POLICE have warned motorists who flout the rules of a controversial bus gate on a residential road that they can expect to face fines if they continue.
Yesterday between 3.45pm and 4.30pm officers stopped 33 cars driving through the bus gate at Torun Way south.
The bus gate, which runs from the junction at Casterbridge Road to the junction at White Eagle Road, was put in by Swindon Council last week and means the route cannot be used by motorists as a short cut from Haydon Wick into Haydon End.
Officers advised drivers to find alternative routes and warned in the future they will have no option but to issue £30 fixed penalty tickets to people who continue to drive cars and vans through it.
PC Matt Lewis, the community beat manager for Haydon Wick, said: “I know it is not a popular choice with some residents but it is now an enforceable bus route and it is not for police to pick and choose what we enforce.
“We have been asked by councillors to enforce the legislation. We ran an operation on Tuesday during one of the peak times, the school run, and stopped 33 cars going through the bus gate.
“We informed them that it was now enforceable and handed them a copy of the public notice produced by Swindon Council.
“At this stage we are looking at a period of getting the information out to the community before we start enforcement. I would urge anybody who lives in the area to tell their friends, family and neighbours not to use it.”
Ward councillor Emma Faramarzi (Con, Priory Vale) said opinion on the bus gate was divided and she believed a large number of drivers had flouted the rules.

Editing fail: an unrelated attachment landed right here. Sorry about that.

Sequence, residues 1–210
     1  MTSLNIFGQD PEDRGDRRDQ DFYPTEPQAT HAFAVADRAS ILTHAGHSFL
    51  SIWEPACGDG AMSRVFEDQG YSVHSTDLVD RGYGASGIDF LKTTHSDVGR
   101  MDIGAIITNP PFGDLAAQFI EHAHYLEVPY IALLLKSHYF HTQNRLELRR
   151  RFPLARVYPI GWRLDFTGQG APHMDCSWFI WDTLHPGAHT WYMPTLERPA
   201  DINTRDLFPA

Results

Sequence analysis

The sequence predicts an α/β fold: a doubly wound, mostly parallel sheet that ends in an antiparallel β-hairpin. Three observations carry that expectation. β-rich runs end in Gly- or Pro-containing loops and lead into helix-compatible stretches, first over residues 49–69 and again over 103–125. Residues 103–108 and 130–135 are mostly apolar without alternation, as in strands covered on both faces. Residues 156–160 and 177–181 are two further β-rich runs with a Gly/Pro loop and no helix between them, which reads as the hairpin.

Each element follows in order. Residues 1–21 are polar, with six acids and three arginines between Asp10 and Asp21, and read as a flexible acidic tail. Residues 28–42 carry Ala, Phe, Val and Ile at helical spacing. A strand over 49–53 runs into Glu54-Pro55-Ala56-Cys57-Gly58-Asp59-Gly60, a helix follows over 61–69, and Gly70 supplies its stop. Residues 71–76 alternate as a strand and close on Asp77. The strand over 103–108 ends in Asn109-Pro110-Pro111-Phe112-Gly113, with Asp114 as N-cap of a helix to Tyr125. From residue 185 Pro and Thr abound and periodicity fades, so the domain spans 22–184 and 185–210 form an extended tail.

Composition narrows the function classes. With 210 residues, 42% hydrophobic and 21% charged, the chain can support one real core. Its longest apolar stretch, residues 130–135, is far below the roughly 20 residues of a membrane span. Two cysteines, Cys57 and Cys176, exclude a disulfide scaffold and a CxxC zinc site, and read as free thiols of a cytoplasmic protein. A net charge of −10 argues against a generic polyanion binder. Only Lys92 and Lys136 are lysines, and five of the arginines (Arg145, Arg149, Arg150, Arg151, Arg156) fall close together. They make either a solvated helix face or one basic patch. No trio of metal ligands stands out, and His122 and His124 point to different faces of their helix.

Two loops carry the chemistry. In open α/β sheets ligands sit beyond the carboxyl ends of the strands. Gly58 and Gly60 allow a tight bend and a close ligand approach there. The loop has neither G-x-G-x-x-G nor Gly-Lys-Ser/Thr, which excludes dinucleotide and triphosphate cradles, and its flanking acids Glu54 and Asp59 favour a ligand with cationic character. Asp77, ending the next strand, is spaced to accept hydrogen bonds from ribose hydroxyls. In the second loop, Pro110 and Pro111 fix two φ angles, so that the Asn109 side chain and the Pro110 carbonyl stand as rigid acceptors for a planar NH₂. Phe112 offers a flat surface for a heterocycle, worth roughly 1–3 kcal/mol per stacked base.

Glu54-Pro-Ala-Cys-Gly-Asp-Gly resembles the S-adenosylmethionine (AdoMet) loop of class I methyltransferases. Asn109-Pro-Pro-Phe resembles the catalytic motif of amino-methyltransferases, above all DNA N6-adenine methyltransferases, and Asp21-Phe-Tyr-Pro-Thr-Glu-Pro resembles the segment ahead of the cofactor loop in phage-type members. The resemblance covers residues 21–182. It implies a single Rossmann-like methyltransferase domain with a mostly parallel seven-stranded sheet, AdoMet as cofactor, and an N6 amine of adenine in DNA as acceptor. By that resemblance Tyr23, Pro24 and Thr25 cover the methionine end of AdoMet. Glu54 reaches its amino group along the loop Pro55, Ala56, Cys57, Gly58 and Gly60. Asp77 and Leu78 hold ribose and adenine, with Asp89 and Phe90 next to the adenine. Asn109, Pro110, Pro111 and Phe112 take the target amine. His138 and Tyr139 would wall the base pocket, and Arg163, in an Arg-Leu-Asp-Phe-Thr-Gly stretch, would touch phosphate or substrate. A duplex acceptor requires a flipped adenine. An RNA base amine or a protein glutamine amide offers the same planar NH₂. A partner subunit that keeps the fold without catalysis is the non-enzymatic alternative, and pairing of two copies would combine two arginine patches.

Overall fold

She said: “The police were out there for just a small amount of time and it goes on all day. “We did a consultation and those on the south side wanted the gate and those on the north side did not.
“We took a decision among ward councillors, council officers and the cabinet member for transport that it should be implemented and it was always in the plan for the area.”
North Swindon MP Justin Tomlinson said: “When Haydon End was given planning permission it was a condition imposed to protect existing residents adjacent to Westfield Way.
“This is often what happens with new developments, existing residents will lobby to limit the impact on them – the same will apply for Tadpole Lane.
“As it was in the original planning permission, scrapping it would open up legal challenges by existing residents and those who bought the house expecting a bus gate.”
One of those who bought their home expecting the gate was Roy Davidson, 42, of Torun Way.
He said: “We moved here because there was going to be a bus gate and we had kids, so we did not want it to be busy with traffic. I would back the police in enforcing it.”
Mother-of-two Hannah Strange, 27, of Polonez Court, said it was an inconvenience but she saw why it was needed.
“It is annoying because it means I get caught on the traffic lights on Thamesdown Drive and have to go a longer way to get to college, but it did get used by people who don’t live locally so I can understand why it is there,” she said.